Annual Council Monday Morning: Money, Marriage, and Ministry

After an exciting Annual Council weekend filled with door-to-door evangelism and sobering statistical reports, the 2016 annual council of the General Conference turned its focus on more serious matters: Money.

Church treasurer Juan Prestol-Puesán was first up with the annual Treasurer’s Report.  Though he outlined his presentation around six items, one challenge presented itself above the others: the devaluation of foreign currencies compared to the US dollar.  Prestol-Puesán described the situation as “a bump in the road” that nevertheless needed to be dealt with.

Because of the problems in other nations (Prestol-Puesán specifically cited Brazil & Mexico upon questioning by Dr. Neil Nedley), the GC loses millions of dollars every time it converts tithe from local currency into US Dollars.  Prestol-Puesán noted some good news that this situation is not permanent and that essentially the US financial situation is in a holding pattern until after the November US Presidential election (regardless of whether he or she is successful).

In order to deal with this new economic reality, one of the first proposed (and successfully voted) items was to freeze the increase in the GC’s working capital fund at 45% until 2020 annual council where it would be re-evaluated.  He noted that should the economic situation change, this action could be revised in order to avoid tying the hands of those dealing with the budget.

GC Undertreasurer Ray Wahlen, gave more background on the problem as well as described the solutions.  The problem, he said, is actually because of the blessing of the growth of the church outside of North America.  As the percentage of the tithe coming from the North American Division has decreased, the strong dollar has caused this problem.  From a membership or even spiritual perspective, however this is a good problem as God is blessing.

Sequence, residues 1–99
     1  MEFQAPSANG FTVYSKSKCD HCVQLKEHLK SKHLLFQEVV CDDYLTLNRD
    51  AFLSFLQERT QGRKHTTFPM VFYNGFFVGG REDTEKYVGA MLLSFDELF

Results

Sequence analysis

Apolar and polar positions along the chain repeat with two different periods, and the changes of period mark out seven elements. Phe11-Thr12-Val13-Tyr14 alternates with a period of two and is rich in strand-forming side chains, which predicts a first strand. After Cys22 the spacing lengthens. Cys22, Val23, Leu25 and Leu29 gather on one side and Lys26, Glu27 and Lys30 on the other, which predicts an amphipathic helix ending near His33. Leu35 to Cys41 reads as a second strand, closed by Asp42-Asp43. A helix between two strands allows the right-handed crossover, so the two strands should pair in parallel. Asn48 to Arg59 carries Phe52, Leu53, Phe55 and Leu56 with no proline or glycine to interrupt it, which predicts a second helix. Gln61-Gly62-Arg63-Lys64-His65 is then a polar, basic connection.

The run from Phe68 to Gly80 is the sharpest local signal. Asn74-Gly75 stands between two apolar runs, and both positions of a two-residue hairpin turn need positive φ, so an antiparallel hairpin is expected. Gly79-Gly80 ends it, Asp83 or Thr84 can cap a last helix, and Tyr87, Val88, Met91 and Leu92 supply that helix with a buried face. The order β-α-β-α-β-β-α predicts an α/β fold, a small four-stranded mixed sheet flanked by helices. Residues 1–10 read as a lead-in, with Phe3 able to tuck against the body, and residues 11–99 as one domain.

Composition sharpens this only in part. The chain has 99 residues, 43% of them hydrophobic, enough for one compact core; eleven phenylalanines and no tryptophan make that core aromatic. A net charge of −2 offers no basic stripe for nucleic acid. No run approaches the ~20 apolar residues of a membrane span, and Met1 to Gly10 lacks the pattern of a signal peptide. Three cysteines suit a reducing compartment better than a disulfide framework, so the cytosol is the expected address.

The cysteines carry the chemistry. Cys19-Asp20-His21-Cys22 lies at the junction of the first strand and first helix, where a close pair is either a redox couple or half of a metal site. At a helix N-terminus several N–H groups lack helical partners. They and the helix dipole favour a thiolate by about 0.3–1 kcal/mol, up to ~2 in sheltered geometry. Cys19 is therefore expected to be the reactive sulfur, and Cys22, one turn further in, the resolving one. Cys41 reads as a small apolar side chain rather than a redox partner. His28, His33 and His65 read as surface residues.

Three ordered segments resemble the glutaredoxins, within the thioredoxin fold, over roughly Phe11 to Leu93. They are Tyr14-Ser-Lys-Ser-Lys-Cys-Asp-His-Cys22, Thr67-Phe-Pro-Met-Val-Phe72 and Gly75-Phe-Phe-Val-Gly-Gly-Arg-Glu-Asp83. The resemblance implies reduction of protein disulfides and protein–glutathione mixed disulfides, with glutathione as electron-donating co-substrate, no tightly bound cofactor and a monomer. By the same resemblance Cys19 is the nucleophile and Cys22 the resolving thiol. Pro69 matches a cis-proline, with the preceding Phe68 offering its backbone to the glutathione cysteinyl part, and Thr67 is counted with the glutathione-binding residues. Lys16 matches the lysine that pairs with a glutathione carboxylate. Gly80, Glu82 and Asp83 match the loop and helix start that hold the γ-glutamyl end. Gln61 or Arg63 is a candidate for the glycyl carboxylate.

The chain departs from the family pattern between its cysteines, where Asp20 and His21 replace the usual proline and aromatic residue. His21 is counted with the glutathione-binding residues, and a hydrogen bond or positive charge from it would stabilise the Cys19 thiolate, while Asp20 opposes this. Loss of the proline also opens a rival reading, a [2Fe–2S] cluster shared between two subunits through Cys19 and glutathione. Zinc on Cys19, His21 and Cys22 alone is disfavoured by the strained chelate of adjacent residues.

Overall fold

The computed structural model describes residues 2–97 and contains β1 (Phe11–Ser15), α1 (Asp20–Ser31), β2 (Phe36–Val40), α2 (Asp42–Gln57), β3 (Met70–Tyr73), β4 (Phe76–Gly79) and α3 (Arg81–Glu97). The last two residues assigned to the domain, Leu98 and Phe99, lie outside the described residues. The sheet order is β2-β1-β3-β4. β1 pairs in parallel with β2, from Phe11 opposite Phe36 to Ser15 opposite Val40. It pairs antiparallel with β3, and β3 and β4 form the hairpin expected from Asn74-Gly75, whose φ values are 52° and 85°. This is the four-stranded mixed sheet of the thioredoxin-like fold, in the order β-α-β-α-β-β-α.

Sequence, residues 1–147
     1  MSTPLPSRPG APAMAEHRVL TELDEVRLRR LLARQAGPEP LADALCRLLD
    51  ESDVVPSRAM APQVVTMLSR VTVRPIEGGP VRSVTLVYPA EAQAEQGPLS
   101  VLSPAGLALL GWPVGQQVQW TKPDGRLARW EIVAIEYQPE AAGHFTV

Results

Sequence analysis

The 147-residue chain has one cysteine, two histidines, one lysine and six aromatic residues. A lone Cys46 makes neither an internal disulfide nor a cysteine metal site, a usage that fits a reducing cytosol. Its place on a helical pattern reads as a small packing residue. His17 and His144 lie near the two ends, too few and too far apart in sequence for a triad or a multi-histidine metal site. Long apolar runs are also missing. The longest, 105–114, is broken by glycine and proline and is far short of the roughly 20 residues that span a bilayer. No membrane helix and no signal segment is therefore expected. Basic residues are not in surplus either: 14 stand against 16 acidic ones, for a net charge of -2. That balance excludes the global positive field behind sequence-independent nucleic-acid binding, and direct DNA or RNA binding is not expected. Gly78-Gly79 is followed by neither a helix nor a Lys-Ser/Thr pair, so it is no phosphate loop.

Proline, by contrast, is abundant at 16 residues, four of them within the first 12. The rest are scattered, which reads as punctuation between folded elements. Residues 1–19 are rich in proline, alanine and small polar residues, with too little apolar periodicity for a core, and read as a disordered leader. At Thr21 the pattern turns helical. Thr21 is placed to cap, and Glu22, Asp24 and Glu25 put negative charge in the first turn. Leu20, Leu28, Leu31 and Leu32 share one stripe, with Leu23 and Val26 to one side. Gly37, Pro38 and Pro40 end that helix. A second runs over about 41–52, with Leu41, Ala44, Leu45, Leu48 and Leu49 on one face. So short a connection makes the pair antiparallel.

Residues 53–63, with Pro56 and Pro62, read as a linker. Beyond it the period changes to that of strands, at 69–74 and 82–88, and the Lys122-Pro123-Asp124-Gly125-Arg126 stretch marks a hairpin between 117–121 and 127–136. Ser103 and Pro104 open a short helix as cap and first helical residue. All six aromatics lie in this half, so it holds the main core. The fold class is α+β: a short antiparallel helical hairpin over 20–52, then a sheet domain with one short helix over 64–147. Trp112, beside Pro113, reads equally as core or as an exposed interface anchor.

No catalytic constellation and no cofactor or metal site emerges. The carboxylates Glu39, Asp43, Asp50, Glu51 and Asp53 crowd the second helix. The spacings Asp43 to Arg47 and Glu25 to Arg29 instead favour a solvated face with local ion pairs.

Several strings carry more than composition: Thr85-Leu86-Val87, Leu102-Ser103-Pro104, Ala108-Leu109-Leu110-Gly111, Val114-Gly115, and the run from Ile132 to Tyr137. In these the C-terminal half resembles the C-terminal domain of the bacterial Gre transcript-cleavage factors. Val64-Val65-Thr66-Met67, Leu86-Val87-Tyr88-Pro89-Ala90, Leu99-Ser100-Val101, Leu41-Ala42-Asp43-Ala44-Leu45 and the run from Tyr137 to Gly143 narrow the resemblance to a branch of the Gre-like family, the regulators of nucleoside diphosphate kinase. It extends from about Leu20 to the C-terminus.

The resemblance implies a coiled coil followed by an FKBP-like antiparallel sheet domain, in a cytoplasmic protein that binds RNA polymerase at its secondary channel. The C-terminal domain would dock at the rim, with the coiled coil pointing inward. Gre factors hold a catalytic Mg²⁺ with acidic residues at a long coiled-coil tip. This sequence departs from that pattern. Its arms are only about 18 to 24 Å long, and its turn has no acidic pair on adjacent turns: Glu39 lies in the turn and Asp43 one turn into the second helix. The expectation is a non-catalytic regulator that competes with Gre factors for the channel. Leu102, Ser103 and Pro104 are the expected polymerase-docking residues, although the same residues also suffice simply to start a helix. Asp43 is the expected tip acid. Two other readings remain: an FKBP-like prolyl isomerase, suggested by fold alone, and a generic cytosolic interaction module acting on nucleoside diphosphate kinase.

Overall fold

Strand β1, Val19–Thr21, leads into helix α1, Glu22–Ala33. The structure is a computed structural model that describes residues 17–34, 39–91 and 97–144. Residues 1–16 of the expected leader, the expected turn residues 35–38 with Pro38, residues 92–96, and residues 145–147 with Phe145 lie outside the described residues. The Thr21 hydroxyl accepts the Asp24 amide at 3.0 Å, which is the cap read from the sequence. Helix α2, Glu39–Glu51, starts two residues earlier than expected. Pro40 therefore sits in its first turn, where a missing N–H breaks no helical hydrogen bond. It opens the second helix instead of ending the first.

One solution the church will be implementing is to guarantee appropriations to the various regions of the church in the local currency of those divisions.  These solutions will ensure the church finds ways to accommodate God’s work in the world while dealing with the budget realities of the balance sheet.  

Following the reports, those present voted through the various recommendations.  Next up, General Conference Auditing Service (GCAS) described not just how it ensures no money is being lost but also how its employees are participating in lay ministries as part of the GC initiative of Total Member Involvement.

The policy agenda took up the next portion of the morning.  Various suggestions were proposed to the working policy of the GC of varying interest and importance.  One of the most interesting was changing terminology from “both genders” to “males and females” to deal with the current political climate of gender fluidity.

The modification of the term “both genders” led, following a few division reports, to the new documentary produced by Coming Out Ministries titled “Journey Interrupted” which will be shown twice on Monday for those present.  It was introduced by Lake Union Conference President, Don Livesay, who noted that though the gay lifestyle has washed over the culture in many of our nations, this film can be a resources to deal with the challenges of the LGBT lifestyle and activism.  An interesting note is that before Elder Livesay presented the film, GC President Elder Ted Wilson gave a special endorsement demonstrating he sees the issue of homosexuality as one of the greatest struggles the church must face.

The morning closed with more encouraging reports such as the 2017 Book of the year “Story of Hope” an Ellen White great controversy-style compilation and a preview of Tell the World, where the church working with local divisions has created a film series on the history of the Seventh-day Adventist church.

The morning was busy and some of the presentations were challenging, but in spite of the difficulties the work continues to go forward.



Jason Miller just received his Law degree from C.U.A. and resides in Michigan.